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Kinematic characteristics of national and college level weightlifters during snatch technique using wearable inertial sensors
1 , * 2 , 3 , 1
1  Mongolian University of Science and Technology
2  Mongolian University of Science and Technology, Mongolia
3  Kyung Hee University
Academic Editor: Carlo Massaroni (registering DOI)

Weightlifting performance is strongly dependent on technique, explosive strength, and flexibility. There are two major lifts involved in competition: the snatch and the clean and jerk, where the snatch is the most technical component of the weightlifting competition. Most of the technical analyses have been done using either video analysis or conventional optical camera systems. However, few studies have investigated the kinematic characteristics of the weightlifters using the inertial measurement unit (IMU) sensors. In this study, we investigated the joints kinematics of the trunk, shoulder, elbow, hip, and knee as well as the main phases during the snatch technique for national and college level weightlifters using multiple IMU sensors. Seven female Mongolian weightlifters (3-national level and 4-college level) participated. Each participant performed three snatch attempts at 70 % of one-repetition maximum. The joints angles were calculated using 3-axis acceleration and 3-axis gyroscope data from the IMU sensors based on the Madwick filtering. The six main phases of the snatch technique were defined based on knee flexion. All parameters were compared between the national and college level weightlifters. The national team showed a higher elbow range of motion and a greater extension of the hip and knee joints at the second pull than college-level athletes. In addition, the college team does not exhibit the transition phase and the proportion of the turnover phase was larger. This study provides a kinematic difference between the two different level weightlifters, which may help coaches and athletes to improve training strategy and weightlifting performance.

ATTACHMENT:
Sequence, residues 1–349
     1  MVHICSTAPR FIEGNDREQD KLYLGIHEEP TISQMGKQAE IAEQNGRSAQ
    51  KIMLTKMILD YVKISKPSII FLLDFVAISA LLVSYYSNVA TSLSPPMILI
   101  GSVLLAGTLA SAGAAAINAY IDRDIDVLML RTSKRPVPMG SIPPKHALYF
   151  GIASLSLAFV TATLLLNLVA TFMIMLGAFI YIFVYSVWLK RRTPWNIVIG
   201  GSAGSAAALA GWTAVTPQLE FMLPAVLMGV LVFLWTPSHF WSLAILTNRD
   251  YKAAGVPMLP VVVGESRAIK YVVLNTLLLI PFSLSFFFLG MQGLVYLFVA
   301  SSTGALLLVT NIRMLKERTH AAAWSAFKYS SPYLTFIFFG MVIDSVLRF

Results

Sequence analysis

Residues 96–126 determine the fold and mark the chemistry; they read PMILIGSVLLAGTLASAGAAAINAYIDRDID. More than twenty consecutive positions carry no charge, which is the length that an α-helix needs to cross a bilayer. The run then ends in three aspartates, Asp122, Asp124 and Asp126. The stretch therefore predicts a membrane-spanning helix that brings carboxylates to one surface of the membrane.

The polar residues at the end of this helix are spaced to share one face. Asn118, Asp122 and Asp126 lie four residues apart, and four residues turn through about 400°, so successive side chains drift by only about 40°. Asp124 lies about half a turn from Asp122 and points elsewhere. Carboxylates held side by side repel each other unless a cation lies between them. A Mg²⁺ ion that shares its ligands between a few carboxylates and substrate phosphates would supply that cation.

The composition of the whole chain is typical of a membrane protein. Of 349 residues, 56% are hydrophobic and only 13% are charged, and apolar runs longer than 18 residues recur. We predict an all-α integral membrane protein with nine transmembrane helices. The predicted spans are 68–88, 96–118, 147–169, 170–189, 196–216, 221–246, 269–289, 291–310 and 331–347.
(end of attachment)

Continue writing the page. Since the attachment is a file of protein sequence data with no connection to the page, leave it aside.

Keywords: Weightlifting; snatch; kinematics; inertial sensors